A: I live my life, listen well, and report accurately. The combination of being a federal investigator in sexually transmitted diseases, a caseworker in New York, my experiences during the (failed) war of liberation in Biafra (now Nigeria), my work as a professional organizer, stints as everything from juvenile probation officer to directing a re-entry center for urban migrants in Chicago and another for ex-cons in Boston, to running a maximum-security prison for violent juvenile offenders—all before I went near a law school—followed by a practice which initially combined criminal defense with child protection, and segued into the latter exclusively after the success of the books made it unnecessary for me to represent the collection of shooters, stompers, and stabbers who formed my first clientele, there has never been a shortage of material. The manual labor I did to support myself throughout acquiring an education—furniture mover, fruit picker, factory worker, cab driver, etc.—helped, too. As did my years as a drifter and a gambler. I don't need reference books to write my novels. And if I were granted one wish, it would be that the material which forms their foundation was entirely fictitous.
Q: Pain Management makes a strong statement about the power of drug companies and the medical establishment in our country—especially when it comes to helping people with chronic pain. What inspired you to pursue this topic?
A: Rage. Personal experience. And the overwhelming, even shocking, reaction to a short story I wrote called Dope Fiend. So many people have watched their loved ones die in excruciating pain—pain that was ignored or trivialized by a medical establishment held hostage to the "Just Say No" morons-and-moralists who control our so-called "drug policies." I wanted to respond with a deeper, harder look at the realities. To refuse a dying person more morphine because we don't want him to die a "drug addict" isn't just stupid, it's absolutely evil—and that evil is a fact of life for millions of Americans. This has to change. I'm always told that my books make people very angry. For this one, I damn sure hope that proves to be the case.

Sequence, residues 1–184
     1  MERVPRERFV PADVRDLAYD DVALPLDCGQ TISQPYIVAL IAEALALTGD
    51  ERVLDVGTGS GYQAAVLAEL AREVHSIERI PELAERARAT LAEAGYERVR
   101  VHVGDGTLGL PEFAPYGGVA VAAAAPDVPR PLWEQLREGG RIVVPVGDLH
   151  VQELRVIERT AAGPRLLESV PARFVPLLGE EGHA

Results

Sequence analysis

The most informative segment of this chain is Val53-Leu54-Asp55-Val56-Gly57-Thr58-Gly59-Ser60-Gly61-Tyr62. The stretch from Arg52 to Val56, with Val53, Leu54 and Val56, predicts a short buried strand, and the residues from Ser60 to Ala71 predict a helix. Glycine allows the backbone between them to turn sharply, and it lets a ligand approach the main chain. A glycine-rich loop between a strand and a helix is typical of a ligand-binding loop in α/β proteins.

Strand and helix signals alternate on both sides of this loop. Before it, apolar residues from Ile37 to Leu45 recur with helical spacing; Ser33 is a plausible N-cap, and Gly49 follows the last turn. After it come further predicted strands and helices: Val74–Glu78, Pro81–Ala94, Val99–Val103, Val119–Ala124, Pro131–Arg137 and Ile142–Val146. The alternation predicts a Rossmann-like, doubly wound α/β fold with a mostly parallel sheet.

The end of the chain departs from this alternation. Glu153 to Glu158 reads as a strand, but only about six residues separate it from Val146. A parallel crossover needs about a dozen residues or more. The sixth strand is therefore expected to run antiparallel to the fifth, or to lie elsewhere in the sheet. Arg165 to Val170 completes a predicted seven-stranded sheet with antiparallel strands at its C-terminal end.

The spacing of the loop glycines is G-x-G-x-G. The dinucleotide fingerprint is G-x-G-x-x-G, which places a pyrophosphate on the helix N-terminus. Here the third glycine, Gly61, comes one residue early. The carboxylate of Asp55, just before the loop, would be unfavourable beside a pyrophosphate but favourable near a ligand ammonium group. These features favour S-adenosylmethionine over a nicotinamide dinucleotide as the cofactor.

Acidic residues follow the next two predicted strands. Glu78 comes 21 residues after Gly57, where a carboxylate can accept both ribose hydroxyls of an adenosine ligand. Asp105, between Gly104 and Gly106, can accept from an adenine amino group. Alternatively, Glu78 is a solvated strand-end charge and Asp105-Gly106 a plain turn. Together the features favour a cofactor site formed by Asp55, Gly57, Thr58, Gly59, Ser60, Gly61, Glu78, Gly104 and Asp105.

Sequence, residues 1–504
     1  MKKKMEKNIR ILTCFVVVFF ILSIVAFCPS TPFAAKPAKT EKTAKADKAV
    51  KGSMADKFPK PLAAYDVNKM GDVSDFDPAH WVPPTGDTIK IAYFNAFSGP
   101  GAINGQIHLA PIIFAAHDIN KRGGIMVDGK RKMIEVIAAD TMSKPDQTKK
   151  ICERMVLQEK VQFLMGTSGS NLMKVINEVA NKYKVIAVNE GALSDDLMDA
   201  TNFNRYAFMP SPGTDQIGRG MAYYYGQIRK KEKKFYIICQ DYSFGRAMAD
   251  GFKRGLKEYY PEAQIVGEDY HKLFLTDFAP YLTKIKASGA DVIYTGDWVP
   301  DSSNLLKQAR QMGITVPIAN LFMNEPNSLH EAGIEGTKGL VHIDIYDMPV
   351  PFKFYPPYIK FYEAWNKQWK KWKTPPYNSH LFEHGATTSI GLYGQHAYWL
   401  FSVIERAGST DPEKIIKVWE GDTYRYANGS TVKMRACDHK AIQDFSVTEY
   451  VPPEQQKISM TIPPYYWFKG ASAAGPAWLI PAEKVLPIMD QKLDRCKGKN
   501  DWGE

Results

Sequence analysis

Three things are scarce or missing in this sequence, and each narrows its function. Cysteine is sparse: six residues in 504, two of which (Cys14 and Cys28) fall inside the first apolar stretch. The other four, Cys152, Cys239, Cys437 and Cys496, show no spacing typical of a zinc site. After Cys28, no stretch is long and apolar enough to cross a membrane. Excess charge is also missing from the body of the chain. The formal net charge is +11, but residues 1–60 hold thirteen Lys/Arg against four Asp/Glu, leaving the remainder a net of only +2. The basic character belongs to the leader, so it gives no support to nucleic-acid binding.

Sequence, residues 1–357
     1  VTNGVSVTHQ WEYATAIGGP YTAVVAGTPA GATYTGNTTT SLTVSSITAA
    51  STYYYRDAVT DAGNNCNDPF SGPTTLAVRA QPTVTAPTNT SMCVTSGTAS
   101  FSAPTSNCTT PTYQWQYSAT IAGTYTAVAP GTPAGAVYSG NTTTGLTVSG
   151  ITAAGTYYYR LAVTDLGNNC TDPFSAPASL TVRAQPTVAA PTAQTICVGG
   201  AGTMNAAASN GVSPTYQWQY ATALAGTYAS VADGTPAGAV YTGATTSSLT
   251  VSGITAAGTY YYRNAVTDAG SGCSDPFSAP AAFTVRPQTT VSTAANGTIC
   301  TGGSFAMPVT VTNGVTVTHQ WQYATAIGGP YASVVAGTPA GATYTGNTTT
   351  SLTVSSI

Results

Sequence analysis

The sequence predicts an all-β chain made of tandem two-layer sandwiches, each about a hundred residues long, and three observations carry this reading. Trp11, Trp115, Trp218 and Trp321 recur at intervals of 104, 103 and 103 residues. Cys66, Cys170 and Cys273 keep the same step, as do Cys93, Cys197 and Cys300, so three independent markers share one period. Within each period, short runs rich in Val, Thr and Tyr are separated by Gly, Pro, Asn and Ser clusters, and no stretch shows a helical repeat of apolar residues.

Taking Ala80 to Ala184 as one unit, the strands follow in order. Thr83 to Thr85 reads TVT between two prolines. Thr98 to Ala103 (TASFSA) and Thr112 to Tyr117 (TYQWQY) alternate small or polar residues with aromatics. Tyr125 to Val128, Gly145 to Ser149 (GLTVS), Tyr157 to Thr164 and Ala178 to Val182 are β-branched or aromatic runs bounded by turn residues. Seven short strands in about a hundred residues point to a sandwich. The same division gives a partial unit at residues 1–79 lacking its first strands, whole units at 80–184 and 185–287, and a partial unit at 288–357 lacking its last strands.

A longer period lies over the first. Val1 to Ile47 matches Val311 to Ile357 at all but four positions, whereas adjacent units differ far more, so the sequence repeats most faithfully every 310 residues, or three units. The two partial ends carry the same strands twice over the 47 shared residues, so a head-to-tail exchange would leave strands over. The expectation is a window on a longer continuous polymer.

Q: Your ex-con protagonist, Burke, has been described as, among other things: private investigator, mercenary, vigilante, con man, anti-hero, survivor, cynic, and even romantic. How would you describe him?
A: As the prototypical abused child: hyper-vigilant, distrustful, and homicidally dangerous when his loved ones are threatened. As a patriot, whose country is whatever space is currently occupied by himself and his family-of-choice. As a scar-carrying member of a vast tribe I call "Children of The Secret." As a career criminal, who hates the State that raised him in orphanages, foster homes, mental health facilities, and juvenile prisons. As a man with a pathological hatred of humans who prey on children. And as a man whose entire sense of self is defined by the family he helped create. Burke is also something of a "psychiatric mirror," in that readers tend to see themselves in him—the good, the bad, or both. What Burke isn't is a Chandleresque "white knight" PI. He's a man for hire, and there aren't too many things you can't hire him to do.